To clarify an effect of the combination therapy, we examined the potential neuroprotective effects of concurrent treatment with insufficient time of NBO and a suboptimal dose of cilostazol on the cerebral infarct size and the neurobehavioral deficits present after subjecting mice to a 2-h occlusion of MCA followed by a 22-h or 7-day reperfusion. Concomitantly, we performed terminal deoxynucleotidyl transferase dUTP nick-end labeling (TUNEL) staining to identify apoptotic cells, evaluated eNOS activity in lesion area after ischemia using Western blot analysis and immunohistochemical analysis for a marker of oxidative damage by using 8-hydroxy-2′-deoxyguanosine (8-OHdG), and we measured regional CBF (rCBF) by a laser-Doppler flowmetry before and after the ischemia.
Materials and Methods
Animals and Drugs
The experimental designs and all procedures were in accordance with the Animal Care Guidelines of the Animal Experimental Committee of Gifu Pharmaceutical University. Male ddY mice (body weight, 24–28 g; Japan SLC Ltd., Shizuoka, Japan) were housed at controlled room temperature (24.5–25.0°C), with a 12-/12-h light/dark cycle. Mouse food pellets and tap water were provided ad libitum.
Cilostazol was kindly gifted by Otsuka Pharmaceutical Co. Ltd. (Tokushima, Japan). Mice of the cilostazol and combination groups were treated with an intraperitoneal injection of cilostazol at 3 or 10 mg/kg body weight once, immediately after completion of MCA occlusion. Mice of the vehicle and NBO groups received an intraperitoneal injection of 8 ml/kg body weight 0.5% carboxymethyl cellulose sodium salt without cilostazol at the timing and volume similar to those used in the cilostazol and combination groups.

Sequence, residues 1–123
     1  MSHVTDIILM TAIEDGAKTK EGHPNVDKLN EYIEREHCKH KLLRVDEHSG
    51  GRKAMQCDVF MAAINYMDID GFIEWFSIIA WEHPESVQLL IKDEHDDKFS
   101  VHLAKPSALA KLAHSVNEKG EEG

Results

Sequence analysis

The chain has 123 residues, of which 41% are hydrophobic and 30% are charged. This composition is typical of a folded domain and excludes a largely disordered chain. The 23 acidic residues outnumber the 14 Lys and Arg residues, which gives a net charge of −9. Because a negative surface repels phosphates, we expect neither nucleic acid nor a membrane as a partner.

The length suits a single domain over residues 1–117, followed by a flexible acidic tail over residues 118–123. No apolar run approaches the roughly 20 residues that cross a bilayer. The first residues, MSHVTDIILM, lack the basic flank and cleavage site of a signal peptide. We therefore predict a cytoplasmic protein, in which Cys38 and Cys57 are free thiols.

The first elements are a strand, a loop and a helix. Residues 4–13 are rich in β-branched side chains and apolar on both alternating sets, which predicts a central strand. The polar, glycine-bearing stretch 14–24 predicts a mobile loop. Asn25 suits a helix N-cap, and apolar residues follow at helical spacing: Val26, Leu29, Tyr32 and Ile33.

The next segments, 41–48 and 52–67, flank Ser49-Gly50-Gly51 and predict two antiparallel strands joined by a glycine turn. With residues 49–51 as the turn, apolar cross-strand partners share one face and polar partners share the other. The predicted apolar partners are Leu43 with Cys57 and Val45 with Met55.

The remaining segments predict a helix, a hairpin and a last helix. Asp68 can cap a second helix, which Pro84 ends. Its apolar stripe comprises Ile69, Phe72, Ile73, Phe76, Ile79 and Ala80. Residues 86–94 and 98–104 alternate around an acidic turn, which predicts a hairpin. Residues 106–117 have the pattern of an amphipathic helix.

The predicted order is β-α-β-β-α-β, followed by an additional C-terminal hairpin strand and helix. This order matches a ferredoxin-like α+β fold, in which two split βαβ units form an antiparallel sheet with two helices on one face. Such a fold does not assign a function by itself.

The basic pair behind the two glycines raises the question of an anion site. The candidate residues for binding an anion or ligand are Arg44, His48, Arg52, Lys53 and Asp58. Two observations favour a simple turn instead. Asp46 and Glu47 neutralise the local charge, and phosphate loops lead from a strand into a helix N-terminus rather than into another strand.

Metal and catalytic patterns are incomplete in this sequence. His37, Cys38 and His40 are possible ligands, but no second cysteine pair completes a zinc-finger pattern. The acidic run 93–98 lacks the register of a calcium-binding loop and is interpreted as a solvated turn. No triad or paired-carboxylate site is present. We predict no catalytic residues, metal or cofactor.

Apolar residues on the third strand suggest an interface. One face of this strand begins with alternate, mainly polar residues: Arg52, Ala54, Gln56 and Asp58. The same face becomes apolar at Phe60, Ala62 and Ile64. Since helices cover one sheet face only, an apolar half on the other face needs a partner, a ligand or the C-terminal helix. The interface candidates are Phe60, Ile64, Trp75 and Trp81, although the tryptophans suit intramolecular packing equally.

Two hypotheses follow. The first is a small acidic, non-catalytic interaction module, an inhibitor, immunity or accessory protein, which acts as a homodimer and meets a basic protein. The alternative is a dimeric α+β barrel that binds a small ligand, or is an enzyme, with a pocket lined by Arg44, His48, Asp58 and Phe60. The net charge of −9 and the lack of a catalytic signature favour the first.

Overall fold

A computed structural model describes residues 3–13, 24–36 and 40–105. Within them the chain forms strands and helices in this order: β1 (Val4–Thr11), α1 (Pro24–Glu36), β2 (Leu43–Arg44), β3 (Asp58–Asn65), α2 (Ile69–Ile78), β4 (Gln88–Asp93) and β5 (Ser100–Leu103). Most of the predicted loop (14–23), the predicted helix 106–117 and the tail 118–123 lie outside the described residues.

This study consisted of two different experiments. Experiment 1 aimed to investigate the neuroprotective potential of each single therapy NBO or cilostazol, and experiment 2 aimed to investigate the neuroprotective effect of combination therapy with NBO and cilostazol.
Experiment 1. To investigate the effecting time of NBO exposing, mice were randomly assigned to three groups: normoxia, 2-h NBO, and 3-h NBO (Fig. 1A). Two- and 3-h NBO groups received NBO during MCA occlusion. The 3-h NBO group received additional 1-h NBO treatments after reperfusion. Each group breathed room air after NBO treatment. The normoxia group breathed room air throughout this procedure.